This spring has presented a number of challenges to agricultural producers throughout Oklahoma, and sorghum growers have been no exception.

STILLWATER, Okla. – This spring has presented a number of challenges to agricultural producers throughout Oklahoma, and sorghum growers have been no exception.

“Most crops have struggled at some point this spring,” said Josh Lofton, Oklahoma State University Extension cropping systems specialist. He fits growers into one of three categories.

First are the growers who were able to plant their crop in a timely manner, had good soil and weather conditions, and now have a crop that is growing well.

“While we would like to see this on most acres, the majority of Oklahoma’s sorghum crop has fallen into two other categories,” Lofton said. “Either growers have not been able to get into their fields and still have sorghum in bags waiting to be planted or they were able to plant but have only marginal stands.”

For growers who have yet to plant, the question has become whether or not to continue with grain sorghum planting. While there are financial considerations, growers still have the potential to establish productive fields.

Historically, OSU’s Division of Agricultural Sciences and Natural Resources has advised growers at this stage to hold off planting until late-season in order to minimize the negative effects of the traditionally challenging environmental conditions of late June and early July.

“Unfortunately, sugarcane aphids have made the success of a late-season crop more dependent on insecticide applications,” Lofton said. “If growers are willing to budget two insecticide applications and be proactive on scouting and applications, this remains a potential option.”

Other growers who have stands in the field are facing questions about whether to maintain their stands or terminate and replant.

As a general rule, if growers have between 18,000 and 20,000 active plants per acre, adequate yields still can be achieved without additional seeds planted, especially this late in the season and provided the plants are presenting consistent even stands across the field.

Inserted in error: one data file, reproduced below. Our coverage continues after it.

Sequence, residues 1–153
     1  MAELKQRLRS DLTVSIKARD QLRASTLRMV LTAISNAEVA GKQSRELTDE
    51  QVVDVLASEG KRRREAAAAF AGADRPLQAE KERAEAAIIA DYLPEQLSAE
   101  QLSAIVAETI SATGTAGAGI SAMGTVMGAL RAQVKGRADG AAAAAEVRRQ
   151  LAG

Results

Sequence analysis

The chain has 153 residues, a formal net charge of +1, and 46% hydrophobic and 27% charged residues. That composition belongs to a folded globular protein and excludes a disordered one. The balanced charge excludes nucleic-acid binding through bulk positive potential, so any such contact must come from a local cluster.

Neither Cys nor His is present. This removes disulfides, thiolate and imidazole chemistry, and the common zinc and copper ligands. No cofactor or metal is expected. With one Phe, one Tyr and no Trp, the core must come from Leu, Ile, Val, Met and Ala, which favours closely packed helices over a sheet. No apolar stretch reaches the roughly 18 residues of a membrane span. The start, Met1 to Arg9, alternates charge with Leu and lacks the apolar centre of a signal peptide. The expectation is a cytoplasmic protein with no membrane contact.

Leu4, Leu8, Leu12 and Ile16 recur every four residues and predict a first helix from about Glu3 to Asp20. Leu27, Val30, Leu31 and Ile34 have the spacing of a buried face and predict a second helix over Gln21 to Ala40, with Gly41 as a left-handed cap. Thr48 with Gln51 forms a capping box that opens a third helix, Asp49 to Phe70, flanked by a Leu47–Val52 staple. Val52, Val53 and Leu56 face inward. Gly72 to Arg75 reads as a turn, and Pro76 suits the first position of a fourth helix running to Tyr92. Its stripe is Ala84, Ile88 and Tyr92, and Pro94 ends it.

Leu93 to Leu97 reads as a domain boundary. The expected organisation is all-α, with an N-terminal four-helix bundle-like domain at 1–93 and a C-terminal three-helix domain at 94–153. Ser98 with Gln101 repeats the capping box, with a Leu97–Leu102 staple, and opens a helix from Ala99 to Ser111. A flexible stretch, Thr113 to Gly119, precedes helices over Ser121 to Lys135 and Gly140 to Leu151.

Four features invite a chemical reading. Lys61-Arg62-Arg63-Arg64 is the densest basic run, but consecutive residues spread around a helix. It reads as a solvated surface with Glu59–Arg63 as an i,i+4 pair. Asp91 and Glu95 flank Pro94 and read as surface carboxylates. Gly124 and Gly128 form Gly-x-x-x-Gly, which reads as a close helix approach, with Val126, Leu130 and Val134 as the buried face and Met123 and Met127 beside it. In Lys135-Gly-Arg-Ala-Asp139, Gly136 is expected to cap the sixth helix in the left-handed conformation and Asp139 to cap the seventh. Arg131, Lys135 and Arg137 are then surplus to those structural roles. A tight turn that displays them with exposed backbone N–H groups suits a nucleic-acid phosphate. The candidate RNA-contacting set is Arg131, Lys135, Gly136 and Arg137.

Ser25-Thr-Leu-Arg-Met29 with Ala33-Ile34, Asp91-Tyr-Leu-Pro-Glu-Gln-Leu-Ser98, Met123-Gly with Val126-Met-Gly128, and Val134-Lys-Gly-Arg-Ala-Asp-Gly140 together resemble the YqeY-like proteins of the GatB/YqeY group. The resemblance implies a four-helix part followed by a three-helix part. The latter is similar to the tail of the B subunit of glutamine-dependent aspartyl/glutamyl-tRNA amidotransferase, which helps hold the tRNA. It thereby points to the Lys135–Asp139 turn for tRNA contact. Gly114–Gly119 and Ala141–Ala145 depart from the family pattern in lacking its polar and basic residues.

“If stands are spotty or skipping, growers can decide to plant certain areas of the field while maintaining others,” Lofton said. “If growers have less than 18,000 active plants per acre and decide that replanting must occur, there are instances where growers can get away with over-seeding the crop into the current stand as opposed to completely terminating and completely replanting.”

OSU recommends growers who choose to over-seed look at planting around half of the initial seeding rate.

When growers have achieved stands, both weed control and fertility issues start to emerge. If growers have made a large application on fertilizer pre-plant, especially nitrogen, then the weather patterns experienced through May likely mean a good portion of the application may already have been denitrified or leached deep into the soil profile.

“Growers will need to be proactive with side-dress applications,” said Josh Bushong, OSU Extension area agronomist for the state’s northwest district. “To trigger these, a grower’s best option is to make sure to have N-rich strips throughout their fields. If not, growers need to look for overly pale, stunted sorghum and be timely with an application.”

High levels of moisture can decrease the efficacy of many pre-plant herbicides. Thus, sorghum growers may need to make subsequent herbicide applications.

“This becomes critical as some chemicals need to be applied prior to the sorghum plant reaching 12 inches in height,” Bushong said.

The “boogeyman” of recent years is the sugarcane aphid. Numbers are growing and moving north through Texas. MyField, a scouting website, indicates populations have moved into south-central Texas.

“While there is little need for Oklahoma producers to be concerned at this point, growers do need to be aware of the aphid population movement,” Lofton said.

Currently OSU recommends treatment when an average of 100 aphids are seen per leaf blade. To scout for aphids, growers need to identify four to five locations that are representative of the field and collect five to six plants at each location.

“For each plant, growers need to look at the underside of the lowest most fully green leaf and the highest most fully developed leaf,” Bushong said.